Jump to content

  • Log in with Facebook Log in with Twitter Log in with Windows Live Log In with Google      Sign In   
  • Create Account

Submit your paper to J Biol Methods today!
Photo
- - - - -

PCR Sample Prep


  • Please log in to reply
4 replies to this topic

#1 jmerkin

jmerkin

    member

  • Members
  • Pip
  • 2 posts
0
Neutral

Posted 14 July 2009 - 11:55 AM

I am looking to do RT-PCR from animal tissue. I would like to grind it in with a mortar and pestle in liquid nitrogen first to break it up. I am concerned about contamination if I work with multiple samples. I can use porcelain mortars, but they are porous and I am concerned about RNA getting up in there. I can use glass mortars, but I am concerned about them shattering when I put the liquid nitrogen in.

Does anybody have any experience or thoughts on this?

#2 phage434

phage434

    Veteran

  • Global Moderators
  • PipPipPipPipPipPipPipPipPipPip
  • 2,501 posts
252
Excellent

Posted 14 July 2009 - 05:21 PM

A bead beater with disposable tubes and beads might be a better choice of technique.

#3 ivanbio

ivanbio

    Veteran

  • Active Members
  • PipPipPipPipPipPipPipPipPipPip
  • 116 posts
7
Neutral

Posted 15 July 2009 - 08:49 AM

I've used both successfully. In my experience the porcelain mortars work great for larger pieces of tissue (if you do not have much do not use these since you will lose a significant amount once your tissue is turned into a powder). Warning: make sure not to add more liquid nitrogen once your tissue has been turned into a powder and is dry. This may cause the powder to "puff" and you will lose part of your sample. Also work fast: once the tissue is a powder transfer it to the recipient you will use for extraction. This powder, when dry, will hydrate fast and make it harder to remove from the mortar. As for cross-contamination, I usually use multiple mortars at a time and once all have been used I stop to clean them all up before going through a new round of crushing.

Alternatively I suggest using a glass homogenizer. There is no need to use liquid nitrogen and they do a great job of homogenizing your sample.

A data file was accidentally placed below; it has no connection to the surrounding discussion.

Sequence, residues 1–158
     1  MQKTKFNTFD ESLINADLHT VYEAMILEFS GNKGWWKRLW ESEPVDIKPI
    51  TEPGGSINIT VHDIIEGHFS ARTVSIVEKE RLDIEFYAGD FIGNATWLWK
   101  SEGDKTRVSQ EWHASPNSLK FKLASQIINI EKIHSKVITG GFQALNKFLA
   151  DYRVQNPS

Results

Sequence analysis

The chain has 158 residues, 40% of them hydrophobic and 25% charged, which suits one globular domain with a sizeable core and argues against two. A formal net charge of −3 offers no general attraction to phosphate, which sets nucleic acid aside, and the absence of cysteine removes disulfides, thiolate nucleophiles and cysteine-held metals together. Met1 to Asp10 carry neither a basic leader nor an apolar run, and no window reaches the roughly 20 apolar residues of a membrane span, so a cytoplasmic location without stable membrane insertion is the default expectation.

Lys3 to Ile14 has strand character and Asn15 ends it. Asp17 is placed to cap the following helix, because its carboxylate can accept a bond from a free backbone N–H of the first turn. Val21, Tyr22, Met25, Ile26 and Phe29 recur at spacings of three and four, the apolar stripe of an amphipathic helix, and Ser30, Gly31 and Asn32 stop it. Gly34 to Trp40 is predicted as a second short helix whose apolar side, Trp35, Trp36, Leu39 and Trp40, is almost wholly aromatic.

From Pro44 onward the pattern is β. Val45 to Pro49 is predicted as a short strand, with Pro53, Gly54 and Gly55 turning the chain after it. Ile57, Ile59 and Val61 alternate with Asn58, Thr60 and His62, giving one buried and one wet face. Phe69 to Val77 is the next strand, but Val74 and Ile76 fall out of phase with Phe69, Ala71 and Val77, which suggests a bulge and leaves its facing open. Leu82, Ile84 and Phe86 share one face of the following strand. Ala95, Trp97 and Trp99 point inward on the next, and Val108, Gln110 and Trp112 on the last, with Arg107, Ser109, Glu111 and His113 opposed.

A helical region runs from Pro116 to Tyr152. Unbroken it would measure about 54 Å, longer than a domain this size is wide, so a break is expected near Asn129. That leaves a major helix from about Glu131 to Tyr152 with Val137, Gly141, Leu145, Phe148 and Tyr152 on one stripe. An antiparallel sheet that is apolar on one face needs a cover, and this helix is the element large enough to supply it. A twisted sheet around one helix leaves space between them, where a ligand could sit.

Ivan
Carlsbad, CA

#4 Ytje

Ytje

    member

  • Active Members
  • Pip
  • 15 posts
0
Neutral

Posted 23 July 2009 - 05:25 AM

I am looking to do RT-PCR from animal tissue. I would like to grind it in with a mortar and pestle in liquid nitrogen first to break it up. I am concerned about contamination if I work with multiple samples. I can use porcelain mortars, but they are porous and I am concerned about RNA getting up in there. I can use glass mortars, but I am concerned about them shattering when I put the liquid nitrogen in.

Does anybody have any experience or thoughts on this?


I work with gut tissue. First I cut the tissue up in a sterile petri dish with a sterile scalpel knife while the tissue is emerged in the lysis buffer (contains RNase inhibitors). After that I grind it (still in the buffer) in a tissue grinder (Potter-Elvehjem) at high speed. To finish it off I pass the lysate 10 times through a 21G neadle.
Works perfectly!

Ytje

#5 jmerkin

jmerkin

    member

  • Members
  • Pip
  • 2 posts
0
Neutral

Posted 23 July 2009 - 05:56 AM

Thanks for the suggestions. I've gone the glass homogenizer route before, but I'm going to be dealing with quite a number of tissue samples, upwards of 80. The sheer (no homogenizer pun intended) number is what concerns me. I think I may go with chopping up and homogenizing.




Home - About - Terms of Service - Privacy - Contact Us

©1999-2013 Protocol Online, All rights reserved.